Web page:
This post is not about a fable. It’s real. See for yourself:
How does a 15-pound cat intimidate an alligator, that weighs up to 800 lbs.? What is going on in that tiny cat brain? What is going on in the alligator’s brain? Obviously the cat has no comprehension of how hopeless his cause is, and how incredibly mismatched he is against the scaly leviathan. He knows instinctively to avoid the snapping gator jaws, but he doesn’t flee. Does he see the alligator as an outsized and ugly cat? Or is he just instinctively being territorial and protecting his turf? Would he be afraid of anything?
On the other hand, what about the alligator? Is he so accustomed to prey desperately fleeing his approach that the cat, by virtue of his fearlessness and aggression must not be prey at all, but a new kind of competition in the food chain? The alligators clearly seem to reevaluate their assessment of the cat and apparently reach the conclusion that anything that fearless constitutes a danger best left alone. Apparently even in the rest of nature, the best defense against a bully is to stand up to him.
To me this video, while hilarious in its own right, is an excellent metaphor for life. It has been said that one man with courage constitutes a majority. There is physical courage, which for the purposes of this discussion we could attribute to this cat, and there is moral courage, the willingness to stand up and be heard when the outcome cannot be assured. At the very least one risks ostracism from the group, loss of friendship, love, approval, and resources.
For many years I was in the property management business, and in the early eighties I had the opportunity to take a bid tour of the World Trade Center complex in New York City. During part of the tour we were traveling through seven or eight stories of underground corridors, walking the equivalent of several city blocks through bleak, isolated and empty concrete hallways with no doors or windows. The contractor who was then responsible for the cleaning of the mammoth facility employed over a thousand cleaning staff, all members of New York unions, and some of those employees had served hard time in the federal penitentiary for murder one raps. I asked our tour guide, a bright, energetic young female supervisor for the contractor then cleaning the facility if she wasn’t afraid for her physical safety at times. What would she do if she happened to come across one of the “tough guys” on their staff in one of these isolated tunnels? I will never forget her answer: “The only supervisor who needs to be afraid is the supervisor who is afraid.”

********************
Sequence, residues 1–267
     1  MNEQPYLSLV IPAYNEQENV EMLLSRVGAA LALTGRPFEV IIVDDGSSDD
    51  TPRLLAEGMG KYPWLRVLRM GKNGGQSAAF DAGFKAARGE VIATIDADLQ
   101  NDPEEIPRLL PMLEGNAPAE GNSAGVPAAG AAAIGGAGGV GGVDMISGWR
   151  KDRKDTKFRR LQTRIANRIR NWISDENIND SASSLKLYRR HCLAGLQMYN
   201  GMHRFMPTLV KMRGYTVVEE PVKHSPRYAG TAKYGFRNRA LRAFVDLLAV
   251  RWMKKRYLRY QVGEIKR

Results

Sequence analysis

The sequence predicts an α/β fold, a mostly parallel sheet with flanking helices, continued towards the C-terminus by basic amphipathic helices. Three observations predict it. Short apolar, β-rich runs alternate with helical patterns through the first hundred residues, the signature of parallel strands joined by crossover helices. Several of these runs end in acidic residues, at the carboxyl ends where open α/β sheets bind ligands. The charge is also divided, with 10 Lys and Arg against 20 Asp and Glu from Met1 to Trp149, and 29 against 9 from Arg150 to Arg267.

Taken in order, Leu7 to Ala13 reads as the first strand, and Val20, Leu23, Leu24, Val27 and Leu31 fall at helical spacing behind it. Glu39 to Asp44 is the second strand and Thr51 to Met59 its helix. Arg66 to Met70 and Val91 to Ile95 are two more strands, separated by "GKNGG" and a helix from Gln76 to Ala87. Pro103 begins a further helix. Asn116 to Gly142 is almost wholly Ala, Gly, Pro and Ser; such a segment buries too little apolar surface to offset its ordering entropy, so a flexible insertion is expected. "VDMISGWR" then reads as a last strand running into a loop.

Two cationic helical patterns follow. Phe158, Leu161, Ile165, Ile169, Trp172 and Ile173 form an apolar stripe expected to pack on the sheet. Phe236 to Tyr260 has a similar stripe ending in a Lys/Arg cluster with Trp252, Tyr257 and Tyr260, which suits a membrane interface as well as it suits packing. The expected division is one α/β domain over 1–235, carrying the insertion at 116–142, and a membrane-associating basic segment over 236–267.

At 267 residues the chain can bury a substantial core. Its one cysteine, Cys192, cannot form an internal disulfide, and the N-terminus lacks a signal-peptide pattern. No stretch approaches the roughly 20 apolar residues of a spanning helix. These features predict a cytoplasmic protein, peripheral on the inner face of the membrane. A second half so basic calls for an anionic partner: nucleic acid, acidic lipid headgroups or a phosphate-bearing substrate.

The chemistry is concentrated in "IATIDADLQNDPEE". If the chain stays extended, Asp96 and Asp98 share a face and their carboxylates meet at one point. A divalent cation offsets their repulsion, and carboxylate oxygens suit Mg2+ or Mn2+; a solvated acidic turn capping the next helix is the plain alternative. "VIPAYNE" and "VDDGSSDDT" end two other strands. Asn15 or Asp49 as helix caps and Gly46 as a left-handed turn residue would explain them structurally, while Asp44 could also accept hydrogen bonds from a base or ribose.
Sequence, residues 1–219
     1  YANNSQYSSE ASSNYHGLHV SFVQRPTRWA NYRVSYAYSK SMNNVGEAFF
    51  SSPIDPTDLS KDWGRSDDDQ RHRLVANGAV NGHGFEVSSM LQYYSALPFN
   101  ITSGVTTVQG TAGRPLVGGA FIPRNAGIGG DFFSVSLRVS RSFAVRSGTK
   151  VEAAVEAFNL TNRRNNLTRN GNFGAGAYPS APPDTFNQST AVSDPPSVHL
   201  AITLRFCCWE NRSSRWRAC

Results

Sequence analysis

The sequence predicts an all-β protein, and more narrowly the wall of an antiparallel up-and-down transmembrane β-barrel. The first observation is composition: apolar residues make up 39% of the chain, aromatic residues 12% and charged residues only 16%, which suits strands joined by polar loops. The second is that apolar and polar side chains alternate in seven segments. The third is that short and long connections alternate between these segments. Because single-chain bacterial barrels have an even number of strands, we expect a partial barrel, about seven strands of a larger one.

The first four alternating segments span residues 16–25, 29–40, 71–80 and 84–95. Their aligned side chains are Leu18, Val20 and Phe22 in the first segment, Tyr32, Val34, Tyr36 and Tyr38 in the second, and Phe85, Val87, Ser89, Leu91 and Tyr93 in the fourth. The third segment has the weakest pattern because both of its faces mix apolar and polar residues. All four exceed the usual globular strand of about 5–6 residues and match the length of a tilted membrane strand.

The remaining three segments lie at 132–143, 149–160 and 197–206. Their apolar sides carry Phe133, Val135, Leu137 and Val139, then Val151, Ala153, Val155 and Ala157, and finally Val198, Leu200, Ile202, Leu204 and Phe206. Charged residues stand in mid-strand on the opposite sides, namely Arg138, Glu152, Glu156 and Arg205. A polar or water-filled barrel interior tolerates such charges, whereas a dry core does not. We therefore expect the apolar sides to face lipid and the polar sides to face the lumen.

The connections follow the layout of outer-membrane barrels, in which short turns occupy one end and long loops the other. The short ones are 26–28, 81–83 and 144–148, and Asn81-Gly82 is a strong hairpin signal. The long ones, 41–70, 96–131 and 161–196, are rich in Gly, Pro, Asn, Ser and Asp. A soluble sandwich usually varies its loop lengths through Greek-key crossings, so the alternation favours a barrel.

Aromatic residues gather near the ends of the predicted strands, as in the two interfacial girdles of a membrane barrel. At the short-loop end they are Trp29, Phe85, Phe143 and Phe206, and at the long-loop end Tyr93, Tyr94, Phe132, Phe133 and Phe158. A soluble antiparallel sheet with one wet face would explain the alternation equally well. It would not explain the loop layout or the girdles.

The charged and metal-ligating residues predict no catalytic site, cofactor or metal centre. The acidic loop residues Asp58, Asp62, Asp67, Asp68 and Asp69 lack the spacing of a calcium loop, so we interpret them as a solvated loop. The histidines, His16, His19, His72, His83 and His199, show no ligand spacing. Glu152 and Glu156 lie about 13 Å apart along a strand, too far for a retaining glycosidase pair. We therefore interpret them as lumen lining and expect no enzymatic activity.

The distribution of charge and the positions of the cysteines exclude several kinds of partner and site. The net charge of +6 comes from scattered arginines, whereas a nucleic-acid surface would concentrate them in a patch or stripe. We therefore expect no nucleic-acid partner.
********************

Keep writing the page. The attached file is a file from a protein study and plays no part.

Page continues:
Those who are truly fearless, or who give off the impression of being fearless, give pause to their opponents. They are so certain of themselves and their ability to handle whatever happens that they cause their adversaries to doubt themselves. This confidence, this certainty, can be in defiance of all the facts of reality and still carry the day. Power is as power thinks. I am speaking here more of the moral variety, the sense of the rightness of the ground we stand on, and the moral indignation that causes us to stand that ground against obviously hopeless odds. I am not speaking of those with the pseudo-courage of shouting from the center of the pack, mocking the outliers who dare to challenge the conventional wisdom. I am speaking of individuals who are willing to stand alone and speak alone because of their convictions.
How many of us in a classroom situation will wait to answer a question until we see other hands go up? How many of us will be whistleblowers when we are witnesses of wrongdoing, gross incompetence, negligence, or causing harm to others knowing we risk being severely penalized for doing so? How many of us have worked hard all our lives in order to prove we are just as good as the others in the group whose approval we need?
Acceptance into the group is a lot like peeing in your pants. At first it is warm and wet and vaguely reminiscent of the comforts of the womb from which we were forcefully expelled long ago. In time it chafes and demands change. Unattended to, we can become so inflamed we can no longer stand on our own.
So what am I afraid of? What does it take to make me tremble? What keeps me awake at night? In a world consumed with social media, where we all seek the comforts and reinforcement of our groups, how many of us can still remember who we are as individuals, what our core values are? More has been given to us than the cat or the alligator, so life demands more of us. We need to know more than who we are; to stand alone we need to know why. Are we a cat or an alligator? You can’t always tell by who or what is around us.
The highest level of courage is to understand the odds, feel the fear, and do the right thing anyway.
It doesn’t happen too often.